Dzehenem, Final Thoughts:

Show me the books hidden in your Dzehenem and I'll tell you everything--and I mean everything--about yourself.

The Ideal Library:

Let me make myself clear. The ideal library is a library that fits into two grocery bags. The ideal grocery bag is a bag you can carry easily while running down the stairs of a building in flames.

The ideal flame is a flame that swallows all the books that didn't make it into Dzehenem.

Some Things, Etc.:

Maybe it was just a hunch, but for years I had been waging a war with the members of my family, fighting a campaign on the principle that "the fewer possessions, the better." But they would buy, carry home, and hoard things--mementos, household appliances, clothes, shoes, souvenirs. I collected only books. Naturally, that was a mistake as well.

When war became our only reality and the rest of my family members were scattered all over the world, far away from all things, I was left alone in the apartment and put in charge of solving the dilemma before them: what to grab when your building is set on fire? Jewelry? It takes up the least space and is worth the most money. Or maybe those pebbles we used to bring home from the seaside: each with its own history, each with its own tale. Or maybe I should make a creative selection of the clothes I like best. And what about the children's things? Should I ban all toy weapons? And where can I pack everything when photo albums alone take up all available luggage space?

I am at my wit's end with all these unanswered questions, so eventually I decide to be somewhat selfish. This war has, after all, proved my ability to foretell events. Didn't I tell them not to buy anything, not even a car, because hard times were at hand? Since I was right, and since I am the only one left, it's only fair that I should take my own things. Therefore, only books qualify. Once I defend my decision to choose books over clothing because they are worth more, and not because they are part of my arsenal, my dilemma no longer exists.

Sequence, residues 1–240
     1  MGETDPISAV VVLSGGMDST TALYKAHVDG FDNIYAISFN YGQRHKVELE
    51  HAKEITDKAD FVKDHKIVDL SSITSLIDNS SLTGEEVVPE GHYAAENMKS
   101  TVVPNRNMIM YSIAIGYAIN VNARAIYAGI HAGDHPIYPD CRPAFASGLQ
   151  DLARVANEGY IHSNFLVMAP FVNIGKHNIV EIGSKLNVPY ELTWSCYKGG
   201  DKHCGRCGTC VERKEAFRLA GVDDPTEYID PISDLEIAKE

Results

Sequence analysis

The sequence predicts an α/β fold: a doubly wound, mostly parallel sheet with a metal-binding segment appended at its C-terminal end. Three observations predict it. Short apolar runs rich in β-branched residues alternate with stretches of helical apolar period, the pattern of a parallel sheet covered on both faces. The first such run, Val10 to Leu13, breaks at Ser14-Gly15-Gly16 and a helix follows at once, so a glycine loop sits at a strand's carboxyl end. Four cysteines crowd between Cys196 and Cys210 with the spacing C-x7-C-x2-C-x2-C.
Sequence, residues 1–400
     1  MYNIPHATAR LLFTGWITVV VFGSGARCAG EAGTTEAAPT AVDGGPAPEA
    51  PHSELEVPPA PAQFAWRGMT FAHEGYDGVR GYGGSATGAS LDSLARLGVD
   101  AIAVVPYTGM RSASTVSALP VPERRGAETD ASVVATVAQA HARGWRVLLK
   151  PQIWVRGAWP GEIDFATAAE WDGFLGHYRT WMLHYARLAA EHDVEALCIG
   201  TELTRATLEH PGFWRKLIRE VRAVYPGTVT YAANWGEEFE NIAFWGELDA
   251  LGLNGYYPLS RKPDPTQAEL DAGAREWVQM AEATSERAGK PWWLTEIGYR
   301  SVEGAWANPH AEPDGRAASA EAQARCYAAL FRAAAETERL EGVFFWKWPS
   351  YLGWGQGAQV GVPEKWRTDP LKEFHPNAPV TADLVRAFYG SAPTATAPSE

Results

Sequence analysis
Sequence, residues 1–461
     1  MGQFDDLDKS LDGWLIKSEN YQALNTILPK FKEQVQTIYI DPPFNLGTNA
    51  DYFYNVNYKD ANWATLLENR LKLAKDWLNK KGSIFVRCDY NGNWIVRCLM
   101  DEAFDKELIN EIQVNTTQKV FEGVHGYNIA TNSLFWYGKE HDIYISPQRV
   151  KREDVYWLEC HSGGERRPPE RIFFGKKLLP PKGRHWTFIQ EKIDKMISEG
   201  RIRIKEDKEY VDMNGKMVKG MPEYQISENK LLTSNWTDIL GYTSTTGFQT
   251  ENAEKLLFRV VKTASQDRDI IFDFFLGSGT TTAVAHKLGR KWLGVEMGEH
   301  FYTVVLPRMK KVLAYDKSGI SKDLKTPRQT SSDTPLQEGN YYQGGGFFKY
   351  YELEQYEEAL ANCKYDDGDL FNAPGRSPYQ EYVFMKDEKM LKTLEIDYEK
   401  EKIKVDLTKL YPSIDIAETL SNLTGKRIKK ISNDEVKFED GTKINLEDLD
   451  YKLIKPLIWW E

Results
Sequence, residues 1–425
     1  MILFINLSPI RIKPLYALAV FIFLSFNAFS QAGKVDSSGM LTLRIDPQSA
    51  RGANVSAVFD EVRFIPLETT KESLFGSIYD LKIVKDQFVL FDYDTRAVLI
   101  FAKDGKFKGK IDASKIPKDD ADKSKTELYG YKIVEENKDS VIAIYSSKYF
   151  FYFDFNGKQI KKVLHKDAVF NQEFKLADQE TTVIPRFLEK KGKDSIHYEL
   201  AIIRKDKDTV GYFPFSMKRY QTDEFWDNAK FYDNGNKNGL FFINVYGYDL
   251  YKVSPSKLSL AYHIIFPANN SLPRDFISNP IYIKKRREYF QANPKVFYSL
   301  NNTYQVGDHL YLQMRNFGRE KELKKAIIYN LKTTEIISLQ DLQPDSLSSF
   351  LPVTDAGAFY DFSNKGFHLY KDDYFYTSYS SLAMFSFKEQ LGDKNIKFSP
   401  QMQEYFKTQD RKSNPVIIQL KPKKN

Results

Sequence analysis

But it's here the dilemma really begins. What to take? I start with a selection of a hundred books. When I realize I'd need two more people to carry them, I make do with only seventy, then fifty. But when it becomes clear that I can't fit more than thirty of my best friends into two bags, I give up. Then a new solution comes to mind: read the hundred favorites and write down everything worth remembering in a notebook. This takes over six months. Buildings burn around me. By the eighty-somethingth book, I realize it's all in vain, it makes no sense. Reading is a creative process and once you reduce it to one dimension, the creativity is gone. Desperate, I pace the apartment, staring at the things. They would all fit easily into two trucks. Me and my bags. How silly. So I take two pocket-size photo albums, fill them with the wrong pictures, and stick them in my jacket pockets. Then I put a toothbrush in the inside pocket. Finally cool, cooler than Humphrey Bogart, I strike a humanitarian-aid match and light a cigarette. I toss the match at a bookcase. I was sure it would go out: it wouldn't dare burn it. But the flame catches Miller's The Books in My Life. I panic and put the fire out before it spreads to the rest of the library. My weakness disappoints me later. Better they burn by my hand than His. My defeat is a warning, a bitter lesson for those willing to learn from the mistakes of others: never buy things. You don't need anything.

--Sarajevo, 1995

a A major Islamic holiday, also known as the Great Festival, usually involving the sacrifice of sheep.

b Radovan Karadzic is the Bosnian Serb leader charged with genocide for the killing of up to six thousand Muslims in Srebrenica in July 1995. He was also charged separately for the siege of Sarajevo and using UN peacekeeping soldiers as hostages.

c Dzehenem is the Turkish word for hell.

d The Canadian commander of the United Nations Protection Force (UNPROFOR) in Bosnia from 1992 to 1995.

~~~~~~~~,5744,255756,00.html Translated from the Bosnian by Maja Starcevic and Ozren Kebo

--- Kevin | Buffalo, NY ICQ# 8616001 AIM screen name: KDean75206 I Vote Socialist! Socialist Party of Western New York EMail: wnysp at --- Money is the universal self-established value of all things. It has, therefore, robbed the whole world -- both the world of men and nature -- of its specific value. Money is the estranged essence of man's work and man's existence, and this alien essence dominates him, and he worships it.

.. Karl Marx ---